SANDERS RIDGE, PELLYTON, ADAIR CO., KY (Sat 07 Jan 2017) - I don't have a digital thermometer that announces the outside temperature in increments of degree. The white dial with its black numerals and slender red needle, mounted beyond the glass of the north-facing kitchen window, is one my father would have recognized. At 6:15 this morning the needle was firmly lodged at 8 F degrees above zero. I eyed the gauge as I moved quietly about the kitchen, chunking wood into the glowing innards of the stove, thawing ice from the outdoor cats' water dish, measuring coffee, warming a blueberry muffin. By 8 A.M. the red needle had barely moved a degree upward. Now, at 9:30, with the sun fully emerged, we have gained 5 degrees from the dawn reading.


2017-01-07 17:25:21 | Comments | Printable version

The Whitehurst Diaries: Winter Solstice Walk-About

'I note each Winter Solstice, not as a pagan affirmation, but in remembrance of my late father Larry's observance of the changing seasons with their complexities of weather. He greeted December 21st as 'the first day of winter'--braced for the extra labor and the watchfulness that a long Vermont winter would surely bring.' - SHARON WHITEHURST
Click on headline for story with photo(s)

By Sharon Whitehurst

Freezing fog has been a presence for three mornings, legacy of the weekend's erratic weather changes. Opening the curtains at what should be daybreak merely invites a spill of grey into the room. The cats rumble down the staircase ahead of me, clamoring at the front door. They hesitate on the brink of stepping out into the heavy December dampness.


2016-12-21 20:45:24 | Comments | Printable version

The Whitehurst Diaries: Morning Walk

By Sharon Whitehurst

Mornings have crept in quietly since the rain of Saturday evening, sounds and colors subdued by the grey fog that rolls through the valley.

The cats are awake early--by 5--and are less than subtle in urging me to arise and acknowledge them.

The layout of the hallway and master bedroom [altered during our renovation] is ideal for cat games with its circular route down one side of the double hallway, through the bathroom, into the bedroom and back into the hall. There is always opportunity to reverse the direction of the chase, skidding on scatter rugs, charging across the bed.


2016-09-22 12:08:05 | Comments | Printable version

The Whitehurst Diaries: Delight in wildflowers from Grampa Mac

By Sharon Whitehurst

PELLYTON, ADAIR CO., KY (Sun 7 Sep 2016) Early morning finds the wildflowers along our lane at their freshest and most appealing, before the heat of the day causes the big-root morning glory [Ipomoea pandurata] to crumple into limp folds of spent petals. Many of the wildflowers are old familiars: goldenrod, the dusty harbinger of early autumn in New England; Joe Pye weed, boneset and ironweed which edged the strip of marshy ground in Grampa Mac's west pasture even as they line the fence-rows of our Pellyton acres.

My delight in wildflowers is a direct legacy from Grampa Mac who often paused while walking the short stretch of dirt road between my parents' small house and the farm to cut a rough bouquet with his Barlow knife, binding the whole together with a long stem of timothy. When one of my own earlier efforts included a stem or two of wild chicory, Grampa removed these with the caution that it was a weed he hated to see invading his hay meadow.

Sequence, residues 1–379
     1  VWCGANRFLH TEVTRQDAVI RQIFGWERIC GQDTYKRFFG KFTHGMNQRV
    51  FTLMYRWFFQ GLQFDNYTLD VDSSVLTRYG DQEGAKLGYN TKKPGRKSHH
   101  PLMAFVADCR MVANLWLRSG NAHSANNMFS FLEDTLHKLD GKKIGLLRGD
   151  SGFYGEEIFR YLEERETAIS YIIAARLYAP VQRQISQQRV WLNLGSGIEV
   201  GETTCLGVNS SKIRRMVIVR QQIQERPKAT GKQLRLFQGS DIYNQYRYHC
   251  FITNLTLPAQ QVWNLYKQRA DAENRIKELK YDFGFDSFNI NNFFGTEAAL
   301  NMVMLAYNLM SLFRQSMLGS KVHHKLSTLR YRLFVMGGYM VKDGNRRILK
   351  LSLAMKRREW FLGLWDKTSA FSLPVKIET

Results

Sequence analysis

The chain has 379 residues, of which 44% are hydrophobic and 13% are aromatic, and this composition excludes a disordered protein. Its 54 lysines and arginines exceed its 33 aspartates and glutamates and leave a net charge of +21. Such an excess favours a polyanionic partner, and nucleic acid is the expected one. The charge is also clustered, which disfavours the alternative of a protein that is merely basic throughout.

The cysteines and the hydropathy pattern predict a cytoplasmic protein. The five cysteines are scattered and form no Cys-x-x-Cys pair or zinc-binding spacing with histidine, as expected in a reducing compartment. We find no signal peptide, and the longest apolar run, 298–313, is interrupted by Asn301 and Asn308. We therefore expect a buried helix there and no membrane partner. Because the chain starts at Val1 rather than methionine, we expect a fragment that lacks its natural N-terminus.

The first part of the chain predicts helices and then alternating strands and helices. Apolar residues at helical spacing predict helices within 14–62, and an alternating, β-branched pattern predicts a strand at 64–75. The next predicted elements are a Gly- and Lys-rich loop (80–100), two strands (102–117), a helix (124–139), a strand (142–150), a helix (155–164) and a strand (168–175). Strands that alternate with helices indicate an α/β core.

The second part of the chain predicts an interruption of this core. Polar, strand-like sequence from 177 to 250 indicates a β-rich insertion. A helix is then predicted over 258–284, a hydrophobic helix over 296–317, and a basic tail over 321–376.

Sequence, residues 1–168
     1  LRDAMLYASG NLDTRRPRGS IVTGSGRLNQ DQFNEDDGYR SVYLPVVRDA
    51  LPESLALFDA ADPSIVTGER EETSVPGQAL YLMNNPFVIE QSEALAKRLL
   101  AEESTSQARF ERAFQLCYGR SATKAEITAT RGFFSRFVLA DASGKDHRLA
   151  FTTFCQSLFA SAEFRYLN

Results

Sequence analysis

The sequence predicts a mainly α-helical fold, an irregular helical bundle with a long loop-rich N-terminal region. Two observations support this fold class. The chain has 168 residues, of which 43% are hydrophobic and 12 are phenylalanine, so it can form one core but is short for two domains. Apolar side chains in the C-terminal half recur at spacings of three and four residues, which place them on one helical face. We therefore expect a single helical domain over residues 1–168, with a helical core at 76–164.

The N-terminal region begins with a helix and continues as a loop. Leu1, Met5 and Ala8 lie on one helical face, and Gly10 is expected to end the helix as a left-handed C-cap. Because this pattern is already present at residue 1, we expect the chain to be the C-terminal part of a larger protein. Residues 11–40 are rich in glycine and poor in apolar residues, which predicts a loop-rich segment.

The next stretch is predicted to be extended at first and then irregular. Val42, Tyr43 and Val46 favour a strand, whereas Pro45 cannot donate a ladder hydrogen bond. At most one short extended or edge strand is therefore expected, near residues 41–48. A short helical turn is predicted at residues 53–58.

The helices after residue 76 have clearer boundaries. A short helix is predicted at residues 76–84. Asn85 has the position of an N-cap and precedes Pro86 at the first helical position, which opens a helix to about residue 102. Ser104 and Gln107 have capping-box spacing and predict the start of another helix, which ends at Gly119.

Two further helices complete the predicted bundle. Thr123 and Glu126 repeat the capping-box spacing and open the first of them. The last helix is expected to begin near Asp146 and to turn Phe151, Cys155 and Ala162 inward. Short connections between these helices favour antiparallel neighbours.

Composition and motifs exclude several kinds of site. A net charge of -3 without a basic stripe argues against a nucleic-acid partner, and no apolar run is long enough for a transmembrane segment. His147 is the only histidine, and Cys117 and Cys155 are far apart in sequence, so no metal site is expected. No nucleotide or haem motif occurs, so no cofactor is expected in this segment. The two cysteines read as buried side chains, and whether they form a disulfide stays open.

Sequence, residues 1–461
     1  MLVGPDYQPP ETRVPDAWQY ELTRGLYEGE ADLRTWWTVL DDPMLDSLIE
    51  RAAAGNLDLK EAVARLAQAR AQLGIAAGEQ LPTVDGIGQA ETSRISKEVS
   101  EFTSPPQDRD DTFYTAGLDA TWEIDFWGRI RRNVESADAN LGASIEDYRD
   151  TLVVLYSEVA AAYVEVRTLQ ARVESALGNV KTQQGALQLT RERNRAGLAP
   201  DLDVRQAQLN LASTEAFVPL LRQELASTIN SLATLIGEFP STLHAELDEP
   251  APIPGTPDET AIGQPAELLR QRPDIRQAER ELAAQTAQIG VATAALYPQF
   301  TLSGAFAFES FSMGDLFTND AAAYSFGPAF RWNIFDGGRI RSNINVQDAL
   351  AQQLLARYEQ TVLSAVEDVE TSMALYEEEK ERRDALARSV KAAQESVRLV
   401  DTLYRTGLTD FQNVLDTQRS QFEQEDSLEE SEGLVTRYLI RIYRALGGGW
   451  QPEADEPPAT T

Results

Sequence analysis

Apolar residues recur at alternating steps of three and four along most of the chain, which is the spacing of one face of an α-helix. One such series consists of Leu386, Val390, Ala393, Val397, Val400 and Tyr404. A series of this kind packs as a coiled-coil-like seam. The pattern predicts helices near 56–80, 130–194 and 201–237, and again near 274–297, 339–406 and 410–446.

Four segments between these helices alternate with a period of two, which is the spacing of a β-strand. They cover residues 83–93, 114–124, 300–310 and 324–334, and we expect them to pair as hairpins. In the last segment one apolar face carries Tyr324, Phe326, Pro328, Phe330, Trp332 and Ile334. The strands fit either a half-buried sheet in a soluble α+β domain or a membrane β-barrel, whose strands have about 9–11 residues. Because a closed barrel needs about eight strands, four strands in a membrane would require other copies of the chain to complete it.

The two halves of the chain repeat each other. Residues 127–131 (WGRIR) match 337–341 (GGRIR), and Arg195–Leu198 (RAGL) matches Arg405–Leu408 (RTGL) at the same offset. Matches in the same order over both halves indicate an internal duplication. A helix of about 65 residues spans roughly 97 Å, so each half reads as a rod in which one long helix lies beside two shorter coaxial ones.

2016-09-11 05:04:25 | Comments | Printable version

The Whitehurst Diaries: The [Mis]Adventures of Willis the Cat

Click headline for complete story with photos

By Sharon Whitehurst

Jim has waged a long battle with the Pellyton possums who delight in raiding the melon patch. The malodorous, marauding melon-munchers have an uncanny way of knowing when a melon is on the cusp of perfect juicy ripeness.

Greedy creatures that they are, sampling one melon is seldom sufficient.

Jim live-trapped one large offender and trundled it off to a remote location where no one would think of gardening. There was a lull when a few melons ripened unmolested, than evidence of another poacher was detected, this one apparently wily enough to avoid the trap.


2016-08-19 06:50:11 | Comments | Printable version

The Whitehurst Diaries: Snake encounters of the mistaken kind

The first 'expert' identification was that Willis' prey, dutifully and lovingly placed on her doorstep was a particularly fractious and dangerous kind of snake. Though it turned out be more terrifying in its fractious mode, it was really an environmental friend, better than even Willis at send vermin on to rodent heaven.
Click on headline for complete diary entry. After reading each diary entry, scroll down for previous Whitehurst diaries

By Sharon Whitehurst

I do not like viewing photos of snakes. I don't want to be surprised by such creatures and was alarmed by the discovery of a somewhat damaged snake near my bucket of potting earth on the front porch. The cats regularly present us with tiny snakelets that resemble a brown shoestring. I don't appreciate them, but they are small enough that I can deal with one - especially if it has already succumbed to the maulings of an enthusiastic feline.


2016-05-20 08:03:50 | Comments | Printable version